See, that’s the problem….YOU think the Christian “God” is what you’ve described here because you choose to envision that.

      But that’s not exactly “who He is”. lol.

      1. Glenn P Ordell says:

        What most people seem to have a difficult time understanding is that Jesus Christ spoke using the Aramaic language (not Hebrew, although he may have did, do, done too when he needed to address the scribes and the Pharisees.) With that notable exception of St. Paul’s letter, which used the ancient Greek language to communicate with the Corinthians, the remainder of the Old and New Testament of the Bible was written in Aramaic

        So What? Well, the Aramaic language is rather unique compared to the modern languages that are used today. Aramaic is a “referential” language, meaning that a presumption is made on the part of the person speaking that the listeners understand the references being made.

        Hence “the eye of the needle” was a reference to a gate in the city of Jerusalem that was made by Jesus Christ in the Holy Scriptures. To get through that gate, a rich man would have to “humble” himself by getting off the hump of his camel and walk through that gate on his own two feet.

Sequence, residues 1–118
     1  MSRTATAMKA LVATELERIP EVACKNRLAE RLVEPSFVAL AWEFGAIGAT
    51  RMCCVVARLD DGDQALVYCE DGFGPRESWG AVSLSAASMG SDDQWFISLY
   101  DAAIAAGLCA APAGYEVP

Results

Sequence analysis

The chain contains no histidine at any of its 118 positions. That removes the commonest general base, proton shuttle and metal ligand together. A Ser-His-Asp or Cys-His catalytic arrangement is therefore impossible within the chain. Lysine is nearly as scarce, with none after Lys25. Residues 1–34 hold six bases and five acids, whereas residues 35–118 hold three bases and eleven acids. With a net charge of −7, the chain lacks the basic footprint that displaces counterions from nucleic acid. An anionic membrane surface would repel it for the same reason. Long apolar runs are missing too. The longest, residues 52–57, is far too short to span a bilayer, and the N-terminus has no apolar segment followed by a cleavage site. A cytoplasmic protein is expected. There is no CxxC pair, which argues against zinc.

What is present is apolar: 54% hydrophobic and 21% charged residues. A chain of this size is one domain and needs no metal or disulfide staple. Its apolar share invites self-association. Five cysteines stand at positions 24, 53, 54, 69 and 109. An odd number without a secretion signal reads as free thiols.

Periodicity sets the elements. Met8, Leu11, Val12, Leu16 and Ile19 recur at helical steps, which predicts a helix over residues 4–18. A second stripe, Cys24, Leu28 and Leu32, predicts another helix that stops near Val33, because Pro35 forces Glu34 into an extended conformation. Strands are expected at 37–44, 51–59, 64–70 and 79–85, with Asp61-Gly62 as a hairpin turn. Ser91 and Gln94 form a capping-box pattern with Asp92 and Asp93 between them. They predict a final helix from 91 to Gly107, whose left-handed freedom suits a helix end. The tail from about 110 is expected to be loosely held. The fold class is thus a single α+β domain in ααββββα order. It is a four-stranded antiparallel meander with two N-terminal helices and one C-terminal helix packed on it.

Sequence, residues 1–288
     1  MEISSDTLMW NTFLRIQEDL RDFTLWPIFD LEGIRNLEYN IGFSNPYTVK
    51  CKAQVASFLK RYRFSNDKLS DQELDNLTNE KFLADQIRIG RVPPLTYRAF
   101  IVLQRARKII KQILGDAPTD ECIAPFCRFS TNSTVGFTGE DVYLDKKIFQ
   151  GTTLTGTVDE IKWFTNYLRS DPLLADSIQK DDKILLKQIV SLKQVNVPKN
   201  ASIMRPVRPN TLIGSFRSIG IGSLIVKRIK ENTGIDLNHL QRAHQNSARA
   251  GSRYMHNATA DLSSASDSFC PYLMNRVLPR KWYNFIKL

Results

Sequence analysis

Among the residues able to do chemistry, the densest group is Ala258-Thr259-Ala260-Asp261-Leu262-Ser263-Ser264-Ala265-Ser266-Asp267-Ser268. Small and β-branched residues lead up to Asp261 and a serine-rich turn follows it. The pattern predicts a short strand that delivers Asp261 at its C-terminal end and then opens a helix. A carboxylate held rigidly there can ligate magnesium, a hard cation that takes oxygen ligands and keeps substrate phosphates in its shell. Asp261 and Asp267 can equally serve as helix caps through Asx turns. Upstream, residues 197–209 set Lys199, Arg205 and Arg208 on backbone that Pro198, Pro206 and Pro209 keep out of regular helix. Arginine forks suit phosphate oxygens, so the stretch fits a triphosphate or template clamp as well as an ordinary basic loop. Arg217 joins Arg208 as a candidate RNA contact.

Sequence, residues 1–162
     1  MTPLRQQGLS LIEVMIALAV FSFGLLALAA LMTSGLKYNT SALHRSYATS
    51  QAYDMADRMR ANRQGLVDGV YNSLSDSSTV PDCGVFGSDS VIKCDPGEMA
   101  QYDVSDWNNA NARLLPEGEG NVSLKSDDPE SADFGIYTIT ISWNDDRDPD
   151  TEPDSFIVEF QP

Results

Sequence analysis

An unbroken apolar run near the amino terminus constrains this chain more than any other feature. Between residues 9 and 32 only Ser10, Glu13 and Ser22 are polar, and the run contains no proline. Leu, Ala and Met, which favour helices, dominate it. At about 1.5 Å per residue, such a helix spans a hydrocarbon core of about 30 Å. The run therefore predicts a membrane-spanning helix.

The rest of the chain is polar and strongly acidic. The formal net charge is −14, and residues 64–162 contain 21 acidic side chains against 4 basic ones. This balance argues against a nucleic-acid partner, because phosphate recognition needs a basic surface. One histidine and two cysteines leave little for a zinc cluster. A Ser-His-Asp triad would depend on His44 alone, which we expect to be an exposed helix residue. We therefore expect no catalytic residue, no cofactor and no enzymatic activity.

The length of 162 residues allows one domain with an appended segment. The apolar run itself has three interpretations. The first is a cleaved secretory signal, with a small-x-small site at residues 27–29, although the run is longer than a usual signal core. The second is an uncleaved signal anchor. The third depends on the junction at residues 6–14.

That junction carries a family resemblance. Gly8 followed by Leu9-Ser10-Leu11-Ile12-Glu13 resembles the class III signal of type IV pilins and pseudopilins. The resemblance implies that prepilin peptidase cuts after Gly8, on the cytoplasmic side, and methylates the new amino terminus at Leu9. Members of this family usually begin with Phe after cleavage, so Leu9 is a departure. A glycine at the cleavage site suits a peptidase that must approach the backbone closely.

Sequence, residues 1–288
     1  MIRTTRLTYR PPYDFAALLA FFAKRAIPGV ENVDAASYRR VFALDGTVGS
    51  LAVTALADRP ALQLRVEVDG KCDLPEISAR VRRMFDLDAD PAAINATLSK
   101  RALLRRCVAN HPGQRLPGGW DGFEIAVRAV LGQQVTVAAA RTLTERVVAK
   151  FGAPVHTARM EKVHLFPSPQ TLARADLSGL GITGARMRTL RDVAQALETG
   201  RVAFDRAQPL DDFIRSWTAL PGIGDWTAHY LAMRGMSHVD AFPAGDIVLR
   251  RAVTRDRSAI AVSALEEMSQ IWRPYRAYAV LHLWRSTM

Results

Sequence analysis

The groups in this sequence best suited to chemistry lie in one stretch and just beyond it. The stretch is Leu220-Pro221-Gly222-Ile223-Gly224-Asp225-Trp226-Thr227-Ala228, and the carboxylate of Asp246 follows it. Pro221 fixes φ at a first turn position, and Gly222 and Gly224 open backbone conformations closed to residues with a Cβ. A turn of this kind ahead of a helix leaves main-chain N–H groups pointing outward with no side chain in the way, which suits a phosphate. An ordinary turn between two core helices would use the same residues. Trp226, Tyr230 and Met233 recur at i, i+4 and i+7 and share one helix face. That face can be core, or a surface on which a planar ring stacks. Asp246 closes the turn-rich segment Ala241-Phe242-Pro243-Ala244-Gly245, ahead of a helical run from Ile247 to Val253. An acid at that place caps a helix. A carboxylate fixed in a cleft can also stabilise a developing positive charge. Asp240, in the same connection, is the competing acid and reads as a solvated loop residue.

Of course, rich man of that day really tried to avoid such acts of humility, as if in so doing, they would appear to be a very pedestrian commoner.

        So, maybe there is some sort of lesson in all of these musings brought upon us by the responses and reasoning of a baker, and the upset that was percieved by others?

        1. power to the people says:

          That was pretty insightful coming from a guy who misspells, then rips on others for misspelling. 😉

        2. Sylvi Sterling says:

          Actually, there is another cultural reference that escapes modern folks today!
          The Needle’s Eye was a gate that was only slightly taller than a camel’s hump. Meaning that a camel, laden with produce or goods for sale, or whatever cargo was on its back, woulld need to be UNLOADED before walking through the lower gate! If a merchant was wealthy and carrying a lot of fine rugs, brass vases, fine clothing etc. in bales… all that stuff would need to be taken OFF the camel, the camel led through, and then re-packed!
          This is a DIRECT reference to the fact that, in death, “you cannot take it with you” and also a reference to the fact that when people JOINED the faith that Christ taught (then called “The Way”, they gave EVERYTHING that they owned TO the group, and everything, money, land, property, food, clothing, jewelry, EVERYTHING was held in COMMON! So yes, to come into the Kingdom of heaven, you had to “unload your camel” before entering.

          1. Robin Rae says:

            Good answer. Love! Love in sacrificial manner. No forcing, just common love for brothers and sisters. If only Christianity could get itself back to that truth.
            Thank you!
            Sincerely.

    2. Rev. Joe says:

      some white bearded guy in the sky who watches over everyone, waits to punish them, and like Aladdin, sometimes grants wishes and sometimes doesn’t.